The menagerie is as well known as the presence of the crows in the Tower of London, it was part of the traditions of this fortress. It had a number of roles: It increased the fear of the tower vis-à-vis the population, served as attractions for high-ranking visitors and had a diplomatic role, offering live animals being an original but effective way of improving the functioning of the diplomatic machinery in Europe.
Creation of the menagerie
The menagerie of the Tower of London was installed in 1125 by King Henry I, but it was in another palace in Woodstock. It was John I who moved it to the Tower of London at the beginning of 1204. It did not leave it until 1828. The royal menagerie was officially created in 1330. The guardians of the tower of London, the famous Yeoman Warders, were also the guardians of the menagerie, they were responsible for it and this is also something that they themselves will explain to you when they make visit the fortress.
Little has happened to us about the evolution of the menagerie, but we still know some points. For example in 1251 it is a polar bear that integrated a cage of the Tower of London.
Role of population control
Since its construction the Tower of London was designed to scare the London people. Its purpose was to control the population, it was therefore built massive, monobloc, it was a real donjon (originally in wood) which was supposed to inspire the fear to the people. What she did.
But when the first animals arrived at the menagerie the king decided to install them in strategic places. Thus the fauves were placed near the moat and the intermediate tower, exactly at the tower of the lions. Besides, the very name of this tower reminds us that the wild animals were locked up here. Why here? Simply because it was the most accessible place of the Tower of London, right at its entrance. whoever passed by could only hear the roars of the lions, tigers, and other penteres which were enclosed there. Excavations have recently been carried out and archaeologists have discovered the bones of lions that date back more than 600 years, proof of the use of the menagerie there since the construction of the second enclosure.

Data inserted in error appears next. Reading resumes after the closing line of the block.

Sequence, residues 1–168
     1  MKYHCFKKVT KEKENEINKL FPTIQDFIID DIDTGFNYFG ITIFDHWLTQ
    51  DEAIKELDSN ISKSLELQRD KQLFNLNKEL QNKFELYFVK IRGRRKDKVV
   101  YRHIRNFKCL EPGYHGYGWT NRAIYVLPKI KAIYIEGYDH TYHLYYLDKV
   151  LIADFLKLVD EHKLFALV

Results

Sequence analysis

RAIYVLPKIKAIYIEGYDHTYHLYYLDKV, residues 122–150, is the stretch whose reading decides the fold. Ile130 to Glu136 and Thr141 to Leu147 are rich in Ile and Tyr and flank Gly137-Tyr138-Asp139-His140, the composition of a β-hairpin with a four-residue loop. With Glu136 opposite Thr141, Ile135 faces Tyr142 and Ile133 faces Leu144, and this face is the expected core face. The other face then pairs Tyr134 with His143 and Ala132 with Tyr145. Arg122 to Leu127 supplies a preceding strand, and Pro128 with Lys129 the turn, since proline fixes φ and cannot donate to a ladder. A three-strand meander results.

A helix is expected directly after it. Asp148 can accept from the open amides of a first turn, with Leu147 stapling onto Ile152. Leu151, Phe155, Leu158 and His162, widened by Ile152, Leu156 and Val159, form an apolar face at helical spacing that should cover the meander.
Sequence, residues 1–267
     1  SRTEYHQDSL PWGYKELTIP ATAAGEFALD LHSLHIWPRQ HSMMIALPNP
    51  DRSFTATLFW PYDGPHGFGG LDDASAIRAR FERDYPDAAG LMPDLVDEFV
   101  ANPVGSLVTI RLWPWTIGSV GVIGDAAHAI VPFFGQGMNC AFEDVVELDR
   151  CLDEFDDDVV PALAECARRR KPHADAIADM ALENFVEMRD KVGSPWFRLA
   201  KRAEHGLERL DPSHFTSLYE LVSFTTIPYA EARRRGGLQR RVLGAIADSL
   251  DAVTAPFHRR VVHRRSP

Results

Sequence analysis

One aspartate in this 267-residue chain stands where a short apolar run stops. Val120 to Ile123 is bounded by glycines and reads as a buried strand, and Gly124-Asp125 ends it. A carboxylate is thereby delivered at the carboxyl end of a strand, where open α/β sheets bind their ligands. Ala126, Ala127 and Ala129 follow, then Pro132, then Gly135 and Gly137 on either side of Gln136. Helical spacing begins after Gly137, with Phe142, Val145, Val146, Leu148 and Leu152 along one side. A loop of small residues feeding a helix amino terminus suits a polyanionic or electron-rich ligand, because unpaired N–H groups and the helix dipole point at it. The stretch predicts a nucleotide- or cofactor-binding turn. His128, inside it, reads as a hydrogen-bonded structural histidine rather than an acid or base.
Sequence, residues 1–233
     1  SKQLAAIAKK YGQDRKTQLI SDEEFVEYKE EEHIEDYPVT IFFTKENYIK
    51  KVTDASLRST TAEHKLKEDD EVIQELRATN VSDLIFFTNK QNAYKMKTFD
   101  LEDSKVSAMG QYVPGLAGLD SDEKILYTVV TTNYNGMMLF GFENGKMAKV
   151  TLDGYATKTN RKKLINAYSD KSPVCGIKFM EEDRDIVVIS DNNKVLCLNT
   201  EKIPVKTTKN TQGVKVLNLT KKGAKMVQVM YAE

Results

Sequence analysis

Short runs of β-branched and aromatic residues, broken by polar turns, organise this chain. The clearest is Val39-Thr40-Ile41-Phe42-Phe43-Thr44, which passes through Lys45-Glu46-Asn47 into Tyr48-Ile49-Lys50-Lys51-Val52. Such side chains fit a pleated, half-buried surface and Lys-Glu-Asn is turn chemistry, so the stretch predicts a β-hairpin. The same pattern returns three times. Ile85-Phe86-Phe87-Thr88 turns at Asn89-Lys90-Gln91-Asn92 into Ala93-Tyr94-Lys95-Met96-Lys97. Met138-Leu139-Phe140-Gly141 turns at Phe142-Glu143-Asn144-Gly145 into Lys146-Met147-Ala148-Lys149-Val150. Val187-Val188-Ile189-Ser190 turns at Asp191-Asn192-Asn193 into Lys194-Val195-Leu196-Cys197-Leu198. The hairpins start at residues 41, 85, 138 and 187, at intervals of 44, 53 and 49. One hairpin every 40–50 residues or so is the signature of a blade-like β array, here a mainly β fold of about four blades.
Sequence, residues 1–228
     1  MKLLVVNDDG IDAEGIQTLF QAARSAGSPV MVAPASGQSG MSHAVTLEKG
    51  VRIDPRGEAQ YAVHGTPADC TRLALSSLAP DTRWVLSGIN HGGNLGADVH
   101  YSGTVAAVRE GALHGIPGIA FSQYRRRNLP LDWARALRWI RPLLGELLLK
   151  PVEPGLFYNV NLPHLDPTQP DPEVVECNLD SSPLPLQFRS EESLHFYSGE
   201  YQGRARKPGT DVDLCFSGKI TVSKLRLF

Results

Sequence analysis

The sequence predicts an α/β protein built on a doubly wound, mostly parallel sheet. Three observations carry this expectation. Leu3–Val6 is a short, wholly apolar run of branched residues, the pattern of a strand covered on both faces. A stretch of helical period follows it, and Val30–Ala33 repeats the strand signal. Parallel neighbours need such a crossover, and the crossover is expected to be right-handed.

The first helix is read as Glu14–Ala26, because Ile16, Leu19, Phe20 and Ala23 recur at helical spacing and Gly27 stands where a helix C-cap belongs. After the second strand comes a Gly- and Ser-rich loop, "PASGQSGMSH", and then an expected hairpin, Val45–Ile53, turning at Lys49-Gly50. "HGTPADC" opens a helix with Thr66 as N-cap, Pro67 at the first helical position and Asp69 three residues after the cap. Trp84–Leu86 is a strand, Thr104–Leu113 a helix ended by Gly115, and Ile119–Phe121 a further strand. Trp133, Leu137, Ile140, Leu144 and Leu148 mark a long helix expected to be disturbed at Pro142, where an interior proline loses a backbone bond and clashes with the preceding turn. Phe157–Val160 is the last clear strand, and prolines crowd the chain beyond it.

Role of attractions
Its role, from the point of view of amusement, was reserved for the personalities having access to the menagerie. The idea was to distract these people (ie the king, the queen, the royal family and their guests, etc.) by making them discover exotic animals that could not be found in England, even for the most part, throughout Europe. African animals were probably the most prized because they were the most impressive.
Under Elisabeth 1st the menagerie was opened to the public for the first time, but it was of short duration. On the other hand, it was again in 1804 and this time it was definitive.
Medieval Europe was very often at war. Not in general, of course, but the royal families were always in opposition at one point. Depending on their finances the wars were declared or not. Diplomatically the ambassadors of each family met regularly to ensure the signing of treaties, to confirm agreements, in short, to do important diplomatic work. Gifts were necessary, but what to offer to a sovereign who is supposed to dispose of just about everything he needs?
The animals were all found offerings, especially exotic animals. Thus the royal family could have these animals and gathered them in a menagerie specially fitted out in the tower of London. Year after year this menagerie has expanded, reaching us in the nineteenth century with a number of animals quite interesting.
Disappearance of the menagerie
In the 19th century the menagerie was considered an abnormality in the Tower of London. The decision-makers chose to transfer them to Regent's Park, opposite Buckingham Palace, in a zoo much better suited to these particular animals. It was in 1828. The Tower of London retains a reference to the royal menagerie with the tower of the lions, now in ruins, at the entrance. It was the old barbican.
Traces of the menagerie today
So, apart from the tower of the lions that keeps a name in relation to the menagerie, they can see the pits in which the animals were kept. You can see it without having to pay the entrance ticket since you see them from the outside. An explanatory panel recapitulates this episode of the history of the tower.
On the spot there are statues of a few felines, which reminds one of their presence on the spot. Some of these statues are found elsewhere in the fortress: monkeys put in a situation, an elephant blocked behind a heavy door of which he can only pass the head, and even the statue of a guard, dressed 'ensures that everything is under control in the menagerie.